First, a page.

While privacy continues to be a concern, a new survey has found that one-third of U.S. adults use social media to discuss health issues.
But it’s not a simple matter of liking pages on Facebook, tagging or stumbling upon items. People are using social media in myriad ways that are important for hospitals, physicians and all healthcare stakeholders to understand.
Here are a few key takeaways from the PricewaterhouseCoopers report released recently:
- 42 percent of consumers have used social media to access reviews of treatments or physicians.
- 25 percent have posted about their health experience.
- More (61 percent) consumers trust their healthcare provider and41 percent will interact with them via social media while fewer (37 percent) trust information from a drug company and even fewer people (28 percent) are inclined to share information with drug firms. The sharing and the trusting come more easily to younger consumers (18 to 24) compared with baby boomers (45 to 64).
- One-third of consumers surveyed would allow monitoring of their social media conversations if data could be gleaned to improve their health or better coordinate care.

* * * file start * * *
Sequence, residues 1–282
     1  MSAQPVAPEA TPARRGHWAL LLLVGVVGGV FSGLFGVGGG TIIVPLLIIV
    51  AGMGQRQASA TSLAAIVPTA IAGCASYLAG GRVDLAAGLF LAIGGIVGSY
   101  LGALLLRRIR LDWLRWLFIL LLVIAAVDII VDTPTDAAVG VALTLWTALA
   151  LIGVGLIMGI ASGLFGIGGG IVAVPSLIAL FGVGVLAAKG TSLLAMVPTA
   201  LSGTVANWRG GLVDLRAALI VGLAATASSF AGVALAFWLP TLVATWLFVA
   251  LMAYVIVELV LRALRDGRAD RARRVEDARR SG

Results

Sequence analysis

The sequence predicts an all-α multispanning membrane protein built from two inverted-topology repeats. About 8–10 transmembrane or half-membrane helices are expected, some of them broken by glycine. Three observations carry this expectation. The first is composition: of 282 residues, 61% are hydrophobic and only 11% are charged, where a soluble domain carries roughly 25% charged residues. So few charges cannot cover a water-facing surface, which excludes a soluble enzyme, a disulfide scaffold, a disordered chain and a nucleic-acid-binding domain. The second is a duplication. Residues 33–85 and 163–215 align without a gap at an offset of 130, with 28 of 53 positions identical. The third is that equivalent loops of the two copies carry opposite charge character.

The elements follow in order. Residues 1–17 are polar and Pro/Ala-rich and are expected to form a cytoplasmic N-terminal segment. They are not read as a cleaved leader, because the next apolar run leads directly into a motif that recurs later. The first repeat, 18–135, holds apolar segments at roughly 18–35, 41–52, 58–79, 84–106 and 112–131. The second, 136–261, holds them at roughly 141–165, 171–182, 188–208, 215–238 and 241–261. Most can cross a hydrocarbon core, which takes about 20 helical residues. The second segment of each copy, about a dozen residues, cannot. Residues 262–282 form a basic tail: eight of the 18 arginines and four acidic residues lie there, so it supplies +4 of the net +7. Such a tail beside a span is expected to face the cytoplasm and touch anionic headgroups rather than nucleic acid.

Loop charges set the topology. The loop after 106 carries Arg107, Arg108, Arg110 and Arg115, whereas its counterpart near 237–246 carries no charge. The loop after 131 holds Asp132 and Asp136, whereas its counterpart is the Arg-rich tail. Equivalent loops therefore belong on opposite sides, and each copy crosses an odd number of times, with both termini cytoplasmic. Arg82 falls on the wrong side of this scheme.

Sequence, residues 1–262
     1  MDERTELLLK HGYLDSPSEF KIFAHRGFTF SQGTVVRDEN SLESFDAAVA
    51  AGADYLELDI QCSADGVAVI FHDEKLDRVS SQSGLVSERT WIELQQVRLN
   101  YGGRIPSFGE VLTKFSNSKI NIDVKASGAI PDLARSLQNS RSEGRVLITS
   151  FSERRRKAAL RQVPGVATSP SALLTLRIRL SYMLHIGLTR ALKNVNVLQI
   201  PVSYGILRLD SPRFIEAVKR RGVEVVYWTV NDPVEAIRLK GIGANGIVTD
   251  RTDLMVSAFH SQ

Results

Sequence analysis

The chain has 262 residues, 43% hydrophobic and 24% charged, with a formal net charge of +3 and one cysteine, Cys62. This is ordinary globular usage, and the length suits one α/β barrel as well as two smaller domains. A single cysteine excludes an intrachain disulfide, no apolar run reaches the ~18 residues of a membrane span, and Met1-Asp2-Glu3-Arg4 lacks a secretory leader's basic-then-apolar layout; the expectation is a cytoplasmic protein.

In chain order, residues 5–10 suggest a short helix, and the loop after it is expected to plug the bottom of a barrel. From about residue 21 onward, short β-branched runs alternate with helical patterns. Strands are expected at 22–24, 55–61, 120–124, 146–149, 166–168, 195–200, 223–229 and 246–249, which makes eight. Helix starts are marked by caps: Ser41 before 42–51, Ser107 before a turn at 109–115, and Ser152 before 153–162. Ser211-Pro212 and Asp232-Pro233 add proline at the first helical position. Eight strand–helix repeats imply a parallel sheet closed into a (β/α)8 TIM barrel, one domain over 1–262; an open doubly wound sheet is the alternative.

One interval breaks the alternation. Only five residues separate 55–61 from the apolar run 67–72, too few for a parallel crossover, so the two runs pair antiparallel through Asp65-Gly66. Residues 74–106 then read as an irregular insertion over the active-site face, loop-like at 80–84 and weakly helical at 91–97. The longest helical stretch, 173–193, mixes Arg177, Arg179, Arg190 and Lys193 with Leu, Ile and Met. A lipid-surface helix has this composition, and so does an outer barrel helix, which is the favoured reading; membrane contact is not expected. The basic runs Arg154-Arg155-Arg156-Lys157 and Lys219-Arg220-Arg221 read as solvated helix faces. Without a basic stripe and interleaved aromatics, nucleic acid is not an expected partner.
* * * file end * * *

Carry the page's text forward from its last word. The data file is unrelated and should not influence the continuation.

- More than 75 percent of consumers surveyed would expect healthcare companies to respondwithin 24 hours or fewer to requests for appointments via social media. And nearly half are more demanding, expecting a response within a few hours.
- Consumers are also using social media to make decisions about seeking care with 45 percent saying that information found via social media would have an impact on their decisions to get a second opinion.
- Another 40 percent reported that information gleaned from social media would affect the way they manage their chronic conditions or how they look at diet and exercise.
Meanwhile, as consumers make use of social media in droves, healthcare organizations lag far behind.
- Eight in 10 companies surveyed had a presence on social media, but the volume of posts and comments were in the hundreds compared with the thousands coming from consumers
- Two out of three health providers and insures allow individuals to post on their Facebook walls, but fewer than one in three allow the same in the pharmaceutical world.
PricewaterhouseCoopers surveyed 1,060 U.S. adults for the report.To read the full report, go here.